I am reading Gary Gutting’s interview with Tim Maudlin for The Stone. The focus of the discussion is on modern cosmology and its implications for theistic belief. In their exchange, Gutting makes reference to God’s motivations (namely, not assuming we know God’s motivations) as responses to points made by Maudlin. The first use made sense to me; however, the second use seemed to undermine the force of the fine-tuning argument.
Here’s the first use:
Maudlin: No one looking at the vast extent of the universe and the completely random location of homo sapiens within it (in both space and time) could seriously maintain that the whole thing was intentionally created for us. This realization began with Galileo, and has only intensified ever since.
Gutting: I don’t see why the extent of the universe and our nonprivileged spatio-temporal position within it says anything about whether we have some special role in the universe. The major monotheistic religions maintain that there is a special spiritual relationship between us and the creator. But that doesn’t imply that this is the only purpose of the universe or that we’re the only creatures with a special relationship to the creator.
Here, I think Gutting makes a very good point. When we note something like the apparent fine-tuning needed for intelligent life, one explanation is that a designer manipulated things such that intelligent life would arise. It makes sense to look at the universe and suggest that the universe wasn’t fine-tuned for us because the universe doesn’t show any special preference for us except that we can exist within it (e.g., it is vast, we aren’t at the center of it). Gutting’s point, highlighted above, is that intelligent life may not have been God’s sole purpose for creating the universe, so things like the vastness of the universe or our non-privileged position may be the result of some other of God’s objectives.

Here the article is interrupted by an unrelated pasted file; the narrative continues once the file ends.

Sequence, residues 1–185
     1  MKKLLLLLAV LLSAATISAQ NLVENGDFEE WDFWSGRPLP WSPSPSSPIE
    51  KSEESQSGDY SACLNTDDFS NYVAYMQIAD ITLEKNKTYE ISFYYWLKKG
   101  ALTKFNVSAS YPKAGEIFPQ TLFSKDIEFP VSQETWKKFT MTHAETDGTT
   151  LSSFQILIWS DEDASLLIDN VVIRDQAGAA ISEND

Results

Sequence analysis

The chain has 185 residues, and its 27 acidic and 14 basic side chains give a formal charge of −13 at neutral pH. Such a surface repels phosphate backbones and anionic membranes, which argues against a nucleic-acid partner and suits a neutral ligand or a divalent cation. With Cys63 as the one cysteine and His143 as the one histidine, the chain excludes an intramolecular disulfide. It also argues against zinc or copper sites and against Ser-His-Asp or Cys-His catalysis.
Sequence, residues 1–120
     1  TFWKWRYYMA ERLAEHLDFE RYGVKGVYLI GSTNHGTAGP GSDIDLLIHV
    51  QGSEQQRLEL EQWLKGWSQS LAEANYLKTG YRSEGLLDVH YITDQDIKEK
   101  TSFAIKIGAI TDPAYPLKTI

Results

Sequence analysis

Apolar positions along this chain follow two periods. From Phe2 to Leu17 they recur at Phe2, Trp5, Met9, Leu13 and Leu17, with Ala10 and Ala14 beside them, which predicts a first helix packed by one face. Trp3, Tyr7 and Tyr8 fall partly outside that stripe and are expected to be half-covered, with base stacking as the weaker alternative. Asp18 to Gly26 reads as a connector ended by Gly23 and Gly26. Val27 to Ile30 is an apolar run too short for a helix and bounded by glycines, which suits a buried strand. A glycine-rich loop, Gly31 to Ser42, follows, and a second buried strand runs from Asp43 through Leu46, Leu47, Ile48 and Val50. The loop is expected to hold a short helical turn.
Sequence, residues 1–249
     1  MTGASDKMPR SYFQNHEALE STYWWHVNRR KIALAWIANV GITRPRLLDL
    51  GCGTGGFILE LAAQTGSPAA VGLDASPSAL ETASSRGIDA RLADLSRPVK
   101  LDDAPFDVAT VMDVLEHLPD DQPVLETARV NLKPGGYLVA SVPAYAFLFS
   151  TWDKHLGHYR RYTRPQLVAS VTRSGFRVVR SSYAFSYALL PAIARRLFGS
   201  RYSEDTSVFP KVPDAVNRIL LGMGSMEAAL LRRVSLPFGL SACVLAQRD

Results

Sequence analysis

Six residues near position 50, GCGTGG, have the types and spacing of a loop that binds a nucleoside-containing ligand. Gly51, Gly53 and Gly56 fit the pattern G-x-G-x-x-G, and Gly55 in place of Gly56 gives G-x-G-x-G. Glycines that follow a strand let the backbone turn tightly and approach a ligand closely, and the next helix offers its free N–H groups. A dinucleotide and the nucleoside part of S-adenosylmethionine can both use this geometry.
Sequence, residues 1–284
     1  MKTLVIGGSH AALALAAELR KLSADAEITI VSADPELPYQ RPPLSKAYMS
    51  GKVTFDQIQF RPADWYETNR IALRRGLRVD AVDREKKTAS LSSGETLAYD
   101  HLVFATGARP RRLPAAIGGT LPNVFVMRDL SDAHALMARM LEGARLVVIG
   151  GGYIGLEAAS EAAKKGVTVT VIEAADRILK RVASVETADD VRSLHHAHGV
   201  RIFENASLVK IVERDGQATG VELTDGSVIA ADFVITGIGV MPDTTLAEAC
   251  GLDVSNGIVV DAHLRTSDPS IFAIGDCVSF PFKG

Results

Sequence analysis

This is a perfectly good response. We may not know all of God’s motivations, so these concerns may only be apparent. They may not be actual problems for the ‘God as fine-tuner’ argument.
Here is the second use (sorry, this will involve more extensive quoting, but I want to keep context):
Gutting: …Some theists have appealed to scientific cosmology to argue that there’s a “fine-tuning” of physical constants that shows that the universe is designed to support living beings and, in particular, humans. It’s said, for example, that if the ratio of the mass of the neutron to the mass of the proton were just slightly different, there couldn’t be sufficient structure to allow for the existence of organisms like us.
Maudlin: At this point, our physical theories contain quite a large number of “constants of nature,” of which we have no deeper account. There seem to be more of them than most physicists are comfortable with, and we don’t know for sure whether these “constants” are really constant rather than variable. This gives rise to questions about “fine-tuning” of these constants. One thing to keep in mind is that the true number and status of the “constants of nature” is not part of any well-established physical theory: It is part of what we don’t yet know rather than what we do know.
Gutting: So are you saying that we don’t know enough about the relevant constants to get a theistic argument started?